Audiology Today July/August 2021
The American Academy of Audiology promotes quality hearing and balance care by advancing the profession of audiology through leadership, advocacy, education, public awareness, and support of research. Dive into the July/August 2021 Audiology Today issue below!
- Hearing Aid
Real-ear systems continue to provide objective measurements of the interaction between the hearing aid and a patient’s ear when they wear it. For professionals in the field of audiology, obtaining, understanding, and using real-ear measures continues to be a critical piece in providing comprehensive clinical care to our patients.
ONLINE FEATURE | The Results Are In: 2020 Member Survey of the Use of Real-Ear Probe Microphone Measurements
The 2020 American Academy of Audiology Member Survey focused on obtaining data from the membership pertaining to several key areas. The goal of this article is to discuss the data collected from Academy membership related to the use of best practices in the verification of amplification and possibly identify next steps for the Academy to support best practices in the profession. There will be three more articles following this one covering the topics of tele-audiology, cochlear implant candidacy evaluation, and equity and inclusion.
- Noise-Induced Hearing Loss
The NOISE study aims to better inform efforts to prevent and treat auditory dysfunction in those who have dedicated themselves to military service.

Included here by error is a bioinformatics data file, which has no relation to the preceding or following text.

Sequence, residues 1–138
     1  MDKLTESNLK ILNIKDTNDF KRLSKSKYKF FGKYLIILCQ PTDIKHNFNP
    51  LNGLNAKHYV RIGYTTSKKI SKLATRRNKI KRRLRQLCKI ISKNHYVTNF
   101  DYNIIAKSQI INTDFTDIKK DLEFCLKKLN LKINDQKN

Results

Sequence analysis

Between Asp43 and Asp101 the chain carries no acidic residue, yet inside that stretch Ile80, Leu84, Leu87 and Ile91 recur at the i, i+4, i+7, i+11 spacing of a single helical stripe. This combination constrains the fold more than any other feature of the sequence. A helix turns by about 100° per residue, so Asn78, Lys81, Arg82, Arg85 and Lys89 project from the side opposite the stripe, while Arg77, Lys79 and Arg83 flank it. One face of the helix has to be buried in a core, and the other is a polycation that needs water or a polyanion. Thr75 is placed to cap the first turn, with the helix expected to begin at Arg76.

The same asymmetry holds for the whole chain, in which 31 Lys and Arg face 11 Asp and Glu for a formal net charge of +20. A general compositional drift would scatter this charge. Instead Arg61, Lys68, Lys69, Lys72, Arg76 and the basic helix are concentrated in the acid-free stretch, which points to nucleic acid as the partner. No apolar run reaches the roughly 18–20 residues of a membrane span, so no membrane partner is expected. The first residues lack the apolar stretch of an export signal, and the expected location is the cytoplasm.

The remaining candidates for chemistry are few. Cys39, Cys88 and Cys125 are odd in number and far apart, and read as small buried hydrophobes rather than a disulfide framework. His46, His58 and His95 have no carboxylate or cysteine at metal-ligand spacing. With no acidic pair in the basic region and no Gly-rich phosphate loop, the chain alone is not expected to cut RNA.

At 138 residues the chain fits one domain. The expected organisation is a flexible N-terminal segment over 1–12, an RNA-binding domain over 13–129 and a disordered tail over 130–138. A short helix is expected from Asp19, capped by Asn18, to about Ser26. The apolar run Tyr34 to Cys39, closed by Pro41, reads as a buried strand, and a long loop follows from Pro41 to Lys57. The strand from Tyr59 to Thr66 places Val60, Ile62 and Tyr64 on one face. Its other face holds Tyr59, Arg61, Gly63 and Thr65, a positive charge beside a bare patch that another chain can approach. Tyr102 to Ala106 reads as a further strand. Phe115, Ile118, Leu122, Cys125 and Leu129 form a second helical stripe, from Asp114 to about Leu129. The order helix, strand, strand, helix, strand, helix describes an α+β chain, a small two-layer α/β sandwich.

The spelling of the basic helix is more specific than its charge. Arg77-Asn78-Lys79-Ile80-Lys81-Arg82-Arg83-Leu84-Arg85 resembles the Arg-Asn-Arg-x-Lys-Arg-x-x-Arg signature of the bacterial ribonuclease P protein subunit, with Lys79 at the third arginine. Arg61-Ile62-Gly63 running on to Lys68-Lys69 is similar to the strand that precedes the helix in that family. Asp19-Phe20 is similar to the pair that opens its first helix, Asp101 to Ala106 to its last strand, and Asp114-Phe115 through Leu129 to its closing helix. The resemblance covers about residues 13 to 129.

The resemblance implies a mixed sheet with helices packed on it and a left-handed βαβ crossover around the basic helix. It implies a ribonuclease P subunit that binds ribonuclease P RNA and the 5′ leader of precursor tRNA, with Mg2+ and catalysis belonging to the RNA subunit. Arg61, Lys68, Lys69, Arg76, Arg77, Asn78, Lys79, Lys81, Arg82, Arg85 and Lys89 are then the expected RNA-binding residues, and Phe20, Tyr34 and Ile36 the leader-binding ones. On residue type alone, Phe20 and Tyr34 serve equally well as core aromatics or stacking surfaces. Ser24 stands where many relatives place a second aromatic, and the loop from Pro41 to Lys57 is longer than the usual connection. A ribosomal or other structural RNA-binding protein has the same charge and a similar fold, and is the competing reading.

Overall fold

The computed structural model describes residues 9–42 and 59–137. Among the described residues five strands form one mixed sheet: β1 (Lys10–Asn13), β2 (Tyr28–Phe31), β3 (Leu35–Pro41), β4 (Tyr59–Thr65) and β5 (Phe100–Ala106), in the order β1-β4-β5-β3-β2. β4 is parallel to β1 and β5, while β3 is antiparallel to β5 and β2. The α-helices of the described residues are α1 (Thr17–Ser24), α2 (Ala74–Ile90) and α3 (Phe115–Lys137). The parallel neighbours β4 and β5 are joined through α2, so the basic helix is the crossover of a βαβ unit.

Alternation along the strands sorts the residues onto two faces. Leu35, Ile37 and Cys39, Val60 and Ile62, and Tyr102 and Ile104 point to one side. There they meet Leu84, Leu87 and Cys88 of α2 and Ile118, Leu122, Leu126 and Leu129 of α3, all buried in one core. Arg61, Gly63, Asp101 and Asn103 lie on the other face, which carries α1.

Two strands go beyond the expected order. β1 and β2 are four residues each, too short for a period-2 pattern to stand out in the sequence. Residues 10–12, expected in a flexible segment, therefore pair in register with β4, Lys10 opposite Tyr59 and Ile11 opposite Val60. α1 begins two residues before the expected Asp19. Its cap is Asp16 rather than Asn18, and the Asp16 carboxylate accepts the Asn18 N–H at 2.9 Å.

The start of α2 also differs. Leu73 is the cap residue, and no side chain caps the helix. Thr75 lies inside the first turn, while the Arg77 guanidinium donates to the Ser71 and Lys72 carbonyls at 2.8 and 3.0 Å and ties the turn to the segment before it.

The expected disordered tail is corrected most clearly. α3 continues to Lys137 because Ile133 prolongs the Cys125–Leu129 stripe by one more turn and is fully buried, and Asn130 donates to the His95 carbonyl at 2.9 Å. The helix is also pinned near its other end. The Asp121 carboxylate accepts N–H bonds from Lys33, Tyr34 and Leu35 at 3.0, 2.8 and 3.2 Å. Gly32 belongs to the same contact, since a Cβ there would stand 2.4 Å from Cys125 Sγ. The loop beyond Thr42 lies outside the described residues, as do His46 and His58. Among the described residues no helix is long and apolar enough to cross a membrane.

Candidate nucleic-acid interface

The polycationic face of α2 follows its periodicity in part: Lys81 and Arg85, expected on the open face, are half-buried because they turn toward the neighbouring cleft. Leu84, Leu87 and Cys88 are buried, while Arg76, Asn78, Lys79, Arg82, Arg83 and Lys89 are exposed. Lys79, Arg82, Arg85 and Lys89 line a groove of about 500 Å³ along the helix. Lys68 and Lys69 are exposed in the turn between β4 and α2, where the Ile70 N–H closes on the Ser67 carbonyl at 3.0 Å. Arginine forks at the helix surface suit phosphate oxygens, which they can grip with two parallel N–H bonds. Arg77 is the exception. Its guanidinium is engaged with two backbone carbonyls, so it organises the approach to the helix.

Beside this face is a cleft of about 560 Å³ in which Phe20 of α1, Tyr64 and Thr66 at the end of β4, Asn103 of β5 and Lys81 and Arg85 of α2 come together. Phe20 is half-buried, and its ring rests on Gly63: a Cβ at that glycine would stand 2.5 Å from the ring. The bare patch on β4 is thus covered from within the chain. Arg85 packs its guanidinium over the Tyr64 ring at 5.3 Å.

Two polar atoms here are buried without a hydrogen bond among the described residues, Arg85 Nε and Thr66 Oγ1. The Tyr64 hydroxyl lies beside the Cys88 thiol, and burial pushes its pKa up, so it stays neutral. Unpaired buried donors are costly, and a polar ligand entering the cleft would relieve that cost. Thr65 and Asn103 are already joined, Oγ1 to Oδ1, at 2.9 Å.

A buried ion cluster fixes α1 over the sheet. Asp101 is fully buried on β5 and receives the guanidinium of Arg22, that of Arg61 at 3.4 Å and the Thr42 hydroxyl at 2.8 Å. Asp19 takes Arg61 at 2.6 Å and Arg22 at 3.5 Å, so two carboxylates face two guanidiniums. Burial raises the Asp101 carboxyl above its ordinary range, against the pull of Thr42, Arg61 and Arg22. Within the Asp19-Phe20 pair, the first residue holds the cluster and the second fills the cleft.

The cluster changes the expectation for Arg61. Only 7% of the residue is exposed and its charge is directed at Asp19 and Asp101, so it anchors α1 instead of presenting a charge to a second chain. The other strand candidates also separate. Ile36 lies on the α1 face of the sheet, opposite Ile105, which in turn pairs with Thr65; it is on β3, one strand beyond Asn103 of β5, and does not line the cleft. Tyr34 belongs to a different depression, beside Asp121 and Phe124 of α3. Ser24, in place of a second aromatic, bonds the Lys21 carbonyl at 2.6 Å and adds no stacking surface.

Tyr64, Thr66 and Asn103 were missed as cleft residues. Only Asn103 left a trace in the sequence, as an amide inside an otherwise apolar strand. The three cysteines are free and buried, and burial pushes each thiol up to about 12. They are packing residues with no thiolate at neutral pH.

- Auditory Neuropathy Spectrum Disorder
- Cochlear Implant
- Cortical Auditory Evoked Potential
CAEPs can be a useful tool to assist in determining a plan of care and confirming auditory access for children for whom behavioral audiometry cannot yet be reliably completed.
After practicing tinnitus management for 10 years, we have discovered how to create a successful tinnitus clinic. This article is designed to provide insight on how to make the process easier.
- Meniere’s disease
- Testing and Diagnosis
You know the saying, “It’s hard to teach an old dog new tricks,” but that just may be what needs to happen to transition electrocochleography (ECochG) out of the vestibular toolbox and into the auditory one.
A landmark paper was recently published about Earlens, a device intended to provide audible, suprathreshold amplification from 125–10,000 Hz to patients with mild-to-severe sensorineural hearing impairment by directly vibrating the ossicles–enabling high-gain margins without feedback and low-frequency output without occluding the canal.
The virtual Consumer Electronics Show (CES) 2021 earlier this year highlighted a simple truth about artificial intelligence (AI): that AI alone should not be solving problems but operating alongside human intelligence (HI).
In January 2021, for the first time since 1996, changes were made to the Current Procedural Terminology (CPT) codes assigned to auditory evoked potentials (AEPs). These changes led to numerous questions from practitioners regarding appropriate coding for auditory evoked potentials and related services.
AUDIOLOGY ADVOCATE | The Audiology/Speech-Language Pathology Interstate Licensure Compact Is Operational—Now What?
Ten states (Alabama, Kansas, Kentucky, Louisiana, Nebraska, North Carolina, Oklahoma, Utah, West Virginia, and Wyoming) have passed legislation to implement the Audiology and Speech-Language Pathology Interstate Licensure Compact (ASLP-IC) and now the compact is officially operational. Implementing legislation was pending in a number of additional states as this issue of Audiology Today went to press.